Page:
The government did not pay FBSC for the construction of the Apec Villas as the firm was allowed to lease out the houses on a long-term basis to recover its investments and repay its loans. The developer eventually sold the villas after the event.
The FBSC has, however, failed to meet its loan obligations. Since 1999, the firm has been in talks with the SBMA on how to restructure its obligations to the agency. The developer eventually sold the villas after the event.
According to SBMA Chair Roberto Garcia, “the FBSC was guaranteed by HGC, which took over and assumed the liabilities of the developer.”
Garcia said the Apec villas have all been sold.
“All of these were sold already to second- and third-party homeowners. One of the villas, the Villa 2, is damaged and is being repaired,” Garcia said in an interview.
He said the SBMA earned from the Apec Villas only through the transfer fees for every villa sold to a third party. He said the SBMA earns about 10 percent of the transfer fees.
But he could not say how much these transfer fees were, noting that this would depend on the number of years left on the lease.
Over the years, most of the villas have undergone renovations and are now under the management of Triboa Bay Country Club, Garcia said.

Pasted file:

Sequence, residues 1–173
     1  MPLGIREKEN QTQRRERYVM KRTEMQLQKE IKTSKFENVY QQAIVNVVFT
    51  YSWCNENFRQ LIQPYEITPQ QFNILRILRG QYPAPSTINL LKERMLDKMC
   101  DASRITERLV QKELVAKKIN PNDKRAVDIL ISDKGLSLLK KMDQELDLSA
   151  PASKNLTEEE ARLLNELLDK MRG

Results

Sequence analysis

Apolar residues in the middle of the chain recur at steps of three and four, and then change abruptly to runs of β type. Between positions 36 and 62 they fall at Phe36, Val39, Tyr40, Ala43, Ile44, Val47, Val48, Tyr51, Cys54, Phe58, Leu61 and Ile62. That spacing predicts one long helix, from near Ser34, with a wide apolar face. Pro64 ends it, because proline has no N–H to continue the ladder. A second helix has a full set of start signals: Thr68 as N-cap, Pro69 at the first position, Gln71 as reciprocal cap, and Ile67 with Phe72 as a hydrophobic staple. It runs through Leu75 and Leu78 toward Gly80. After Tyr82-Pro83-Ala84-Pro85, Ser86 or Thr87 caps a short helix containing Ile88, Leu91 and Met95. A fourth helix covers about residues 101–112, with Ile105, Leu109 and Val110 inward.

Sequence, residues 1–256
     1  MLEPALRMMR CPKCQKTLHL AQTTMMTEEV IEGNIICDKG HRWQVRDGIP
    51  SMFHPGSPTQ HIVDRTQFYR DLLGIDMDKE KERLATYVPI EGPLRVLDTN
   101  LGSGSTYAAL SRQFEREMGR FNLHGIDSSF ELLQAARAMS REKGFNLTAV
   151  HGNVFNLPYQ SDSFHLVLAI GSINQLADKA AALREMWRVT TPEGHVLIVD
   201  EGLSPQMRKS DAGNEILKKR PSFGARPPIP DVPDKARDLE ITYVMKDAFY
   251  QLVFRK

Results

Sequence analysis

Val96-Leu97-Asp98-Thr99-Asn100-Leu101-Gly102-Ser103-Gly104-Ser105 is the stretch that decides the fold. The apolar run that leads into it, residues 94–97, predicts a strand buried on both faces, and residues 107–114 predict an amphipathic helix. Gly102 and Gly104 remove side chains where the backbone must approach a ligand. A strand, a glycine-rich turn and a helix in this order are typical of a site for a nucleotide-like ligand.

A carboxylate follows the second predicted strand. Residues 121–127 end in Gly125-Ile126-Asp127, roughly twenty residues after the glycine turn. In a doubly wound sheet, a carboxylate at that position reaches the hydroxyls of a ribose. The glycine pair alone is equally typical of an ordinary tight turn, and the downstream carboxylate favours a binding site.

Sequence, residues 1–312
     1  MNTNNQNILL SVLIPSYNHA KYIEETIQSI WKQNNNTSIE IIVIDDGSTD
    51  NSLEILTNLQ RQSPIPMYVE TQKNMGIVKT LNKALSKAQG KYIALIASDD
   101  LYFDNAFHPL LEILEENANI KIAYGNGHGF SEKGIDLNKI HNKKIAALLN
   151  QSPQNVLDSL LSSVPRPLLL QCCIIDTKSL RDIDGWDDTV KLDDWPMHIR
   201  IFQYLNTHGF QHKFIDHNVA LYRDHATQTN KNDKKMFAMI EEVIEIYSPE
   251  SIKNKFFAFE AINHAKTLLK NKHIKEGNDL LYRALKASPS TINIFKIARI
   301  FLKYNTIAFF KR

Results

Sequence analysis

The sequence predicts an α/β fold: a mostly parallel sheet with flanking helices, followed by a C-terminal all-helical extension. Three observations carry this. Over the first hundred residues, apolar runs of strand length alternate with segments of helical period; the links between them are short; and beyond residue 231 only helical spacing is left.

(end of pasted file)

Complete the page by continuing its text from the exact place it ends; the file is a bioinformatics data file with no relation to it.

Kenneth Rementilla, manager of the SBMA Business and Investment Department for Leisure, said the agency is the “landlord” of all the properties inside the free port.
“For the Apec Villas, the FBSC, as the lessee, got a 50-year lease from the SBMA,” he said.
After the Apec summit in 1996, the FBSC offered the villas for long-term lease to private individuals. One of the villas, he said, has been allotted to the SBMA chair and administrator.
A source from the Triboa Bay Country Club said all 21 villas are “fully functional” and are either occupied by private owners or available for short- or long-term lease.
The source, who requested anonymity for lack of authority to speak on the matter, said several villas are being renovated to accommodate a visiting high-ranking Taiwanese official.
One villa, the source said, is being rented out for P20,000 a night.
Fast Facts: 1996 Apec Summit
1996—The Philippines hosted the Apec Economic Leaders’ Meeting for the first time. The meetings were held in Manila, Zambales, Cebu and Davao.
18—The number of member-economies that participated in the 1996 Apec meetings.
Nov. 25—Last day of the Apec summit held in Subic, where then President Fidel Ramos read out the leaders’ declaration, “From Vision to Action.” The declaration outlined the accomplishments of the summit and the implementation of the initiatives for the succeeding years.
Jan. 1, 1997—Implementing date of the initiatives reached in the 1996 summit such as carrying out the Manila Action Plan for Apec 1996, strengthening economic and technical cooperation and engaging the private sector
2020—Target year when free trade would be achieved among Apec members, as stated in the Manila Action Plan for Apec 1996
11—The number of economies that sought admission to Apec during the 1996 meetings. These are Ecuador, Pakistan, Panama, Macau, Peru, Russia, India, Pakistan, Columbia, Sri Lanka and Vietnam.
1989—The year 12 Asia-Pacific economies first met to establish Apec in Canberra, Australia. Inquirer Research
Sources: Apec.org, Inquirer Archives